We were also aware that a bike in Arden’s in-between-a-child’s-and-an-adult’s-size would be hard to come by. And so we weren’t surprised when the best choice for her was really a bit too big. Dan adjusted it as best he could for her, and she spent some time this morning, in fits and starts, pedaling – somewhat half-heartedly – up and down our street. Yes, it’s a city street, but it’s only about 100m long, is one-way, and has very little traffic at all. But somehow, riding new terrain on an unfamiliar, almost-too-big bike when you’re mere weeks from being eight-years-old, can mentally feel akin to learning to ride without training wheels for the first time. After a couple spills, she wanted to call it quits.
We reminded her that most of bike riding, maybe even as much as 90%, is just simply believing that you actually can ride. She didn't want to hear it. We put the bikes away and walked to the park a block away where the kids got soaked, running and splashing in the fountains there, built specifically with kids and hot summer days like this in mind.
A pair of brothers was riding their bikes on the trail through the park, and I convinced Arden to try the new bike there while Dan and Madeleine rode down to the canal. After I made her say a ridiculous, eye-rolling, self-affirming mantra, she got back on the bike. I helped her get going a few times, but then, once those wheels got rolling, it was all her, pedaling away. And then she’d circle around and pedal back, and away again, and back. Before today, all of my teaching-a-child-how-to-ride ideas were just that: ideas. Dan’s been the one to actually handle this department of parenting. I could talk about it, sure, but it was all theoretical.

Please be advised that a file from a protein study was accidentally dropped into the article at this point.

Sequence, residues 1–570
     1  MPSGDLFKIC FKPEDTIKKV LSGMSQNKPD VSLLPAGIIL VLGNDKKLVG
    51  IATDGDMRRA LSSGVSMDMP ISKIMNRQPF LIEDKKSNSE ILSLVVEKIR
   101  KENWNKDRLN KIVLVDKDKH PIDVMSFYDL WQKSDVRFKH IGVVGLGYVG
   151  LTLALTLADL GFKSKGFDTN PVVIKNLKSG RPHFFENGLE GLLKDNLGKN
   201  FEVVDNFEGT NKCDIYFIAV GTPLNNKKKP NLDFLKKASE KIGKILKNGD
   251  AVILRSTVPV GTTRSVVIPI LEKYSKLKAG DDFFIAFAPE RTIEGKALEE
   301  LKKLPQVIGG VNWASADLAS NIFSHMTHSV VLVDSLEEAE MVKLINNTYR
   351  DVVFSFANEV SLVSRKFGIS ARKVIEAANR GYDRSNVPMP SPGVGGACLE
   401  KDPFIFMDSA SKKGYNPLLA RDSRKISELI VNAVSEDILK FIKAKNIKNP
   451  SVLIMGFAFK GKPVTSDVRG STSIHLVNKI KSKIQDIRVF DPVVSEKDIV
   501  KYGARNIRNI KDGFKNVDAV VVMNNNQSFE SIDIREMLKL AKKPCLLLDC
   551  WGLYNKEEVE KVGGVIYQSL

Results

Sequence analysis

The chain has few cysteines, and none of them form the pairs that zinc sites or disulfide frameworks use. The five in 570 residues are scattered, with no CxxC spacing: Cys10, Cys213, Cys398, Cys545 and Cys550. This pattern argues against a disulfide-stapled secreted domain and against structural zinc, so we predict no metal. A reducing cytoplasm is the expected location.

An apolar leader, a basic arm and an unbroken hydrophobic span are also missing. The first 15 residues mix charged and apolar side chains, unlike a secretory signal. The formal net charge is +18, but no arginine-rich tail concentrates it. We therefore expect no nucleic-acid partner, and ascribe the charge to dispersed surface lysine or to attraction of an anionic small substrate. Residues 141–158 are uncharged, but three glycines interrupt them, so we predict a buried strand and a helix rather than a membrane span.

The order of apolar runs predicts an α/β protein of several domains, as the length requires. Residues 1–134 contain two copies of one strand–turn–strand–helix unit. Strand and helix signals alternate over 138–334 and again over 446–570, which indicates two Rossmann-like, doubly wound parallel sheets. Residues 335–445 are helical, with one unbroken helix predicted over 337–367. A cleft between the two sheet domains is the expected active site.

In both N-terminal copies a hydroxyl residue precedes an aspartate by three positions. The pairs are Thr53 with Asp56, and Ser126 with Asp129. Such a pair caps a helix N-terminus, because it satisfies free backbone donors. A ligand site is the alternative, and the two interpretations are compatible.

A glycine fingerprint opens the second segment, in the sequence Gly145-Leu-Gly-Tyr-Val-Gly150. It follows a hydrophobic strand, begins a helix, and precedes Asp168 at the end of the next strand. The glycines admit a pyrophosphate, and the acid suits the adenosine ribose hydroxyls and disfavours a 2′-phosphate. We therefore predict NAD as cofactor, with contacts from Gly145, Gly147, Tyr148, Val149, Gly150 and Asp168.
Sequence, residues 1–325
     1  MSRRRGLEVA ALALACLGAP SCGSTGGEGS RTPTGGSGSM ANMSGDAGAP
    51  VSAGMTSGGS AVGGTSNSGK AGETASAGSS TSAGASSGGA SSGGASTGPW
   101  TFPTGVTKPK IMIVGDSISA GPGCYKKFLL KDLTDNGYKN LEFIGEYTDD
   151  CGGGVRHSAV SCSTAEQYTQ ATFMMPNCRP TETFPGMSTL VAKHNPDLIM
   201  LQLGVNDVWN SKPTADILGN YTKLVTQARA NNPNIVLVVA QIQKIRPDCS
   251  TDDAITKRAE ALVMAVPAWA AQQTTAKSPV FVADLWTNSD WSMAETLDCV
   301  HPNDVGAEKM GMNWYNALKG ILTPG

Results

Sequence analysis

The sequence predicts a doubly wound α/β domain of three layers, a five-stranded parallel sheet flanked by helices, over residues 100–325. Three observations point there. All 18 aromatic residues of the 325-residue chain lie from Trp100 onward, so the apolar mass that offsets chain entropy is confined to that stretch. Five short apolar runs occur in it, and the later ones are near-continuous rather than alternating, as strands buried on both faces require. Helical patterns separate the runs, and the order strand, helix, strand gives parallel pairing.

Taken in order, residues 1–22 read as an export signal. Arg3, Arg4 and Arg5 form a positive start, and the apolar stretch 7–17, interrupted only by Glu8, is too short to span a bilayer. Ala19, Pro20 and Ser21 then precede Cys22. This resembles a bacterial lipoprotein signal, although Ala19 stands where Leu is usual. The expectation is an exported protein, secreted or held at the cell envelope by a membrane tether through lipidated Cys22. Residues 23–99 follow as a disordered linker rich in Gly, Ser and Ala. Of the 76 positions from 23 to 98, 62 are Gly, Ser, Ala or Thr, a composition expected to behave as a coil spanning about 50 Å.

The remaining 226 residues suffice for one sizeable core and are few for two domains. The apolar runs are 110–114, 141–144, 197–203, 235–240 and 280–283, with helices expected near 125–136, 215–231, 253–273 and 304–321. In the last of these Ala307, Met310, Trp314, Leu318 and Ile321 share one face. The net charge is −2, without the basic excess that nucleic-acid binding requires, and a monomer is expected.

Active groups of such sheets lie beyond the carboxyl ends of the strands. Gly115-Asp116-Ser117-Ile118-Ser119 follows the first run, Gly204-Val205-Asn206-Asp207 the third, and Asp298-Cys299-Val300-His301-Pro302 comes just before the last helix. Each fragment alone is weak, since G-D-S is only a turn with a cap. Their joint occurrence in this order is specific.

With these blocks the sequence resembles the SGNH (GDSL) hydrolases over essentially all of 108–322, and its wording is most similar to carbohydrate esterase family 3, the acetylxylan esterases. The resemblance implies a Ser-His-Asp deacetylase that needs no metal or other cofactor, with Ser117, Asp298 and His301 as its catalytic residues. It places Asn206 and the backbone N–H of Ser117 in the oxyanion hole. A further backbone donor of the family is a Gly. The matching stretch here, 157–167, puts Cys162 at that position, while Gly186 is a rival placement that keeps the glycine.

A child riding off on a bicycle really is the ultimate metaphor for parenting, as Sloan Wilson so aptly notes:
The hardest part of raising a child is teaching them to ride bicycles. A shaky child on a bicycle for the first time needs both support and freedom. The realization that this is what the child will always need can hit hard.
As much as any other endeavor my child will embark upon, first and foremost, she will have to believe that she can do it. And instilling that belief, by far, is the most important task a parent has. Today, I had history on my side, as she’s ridden bikes before and knows she can do it. All I had to do was remind her of her ability.
I wonder, though, how much more difficult will my task of encouragement become when her task is something she’s never, ever, done? Or something I’m feeling a little shaky about her doing?
Running alongside and whispering encouragement, though, are actually pretty easy to execute. It’s that last act of teaching a child to ride. When I realized that my hand grasping the back of the seat was no longer what she needed, and in fact, had become an awkward hindrance. When I realized that by holding on, I might actually cause her to fall. Eventually, I had to let go. Let go, and let her ride off, alone, trying to convince myself that she is ready, she is prepared! for any obstacle in her path.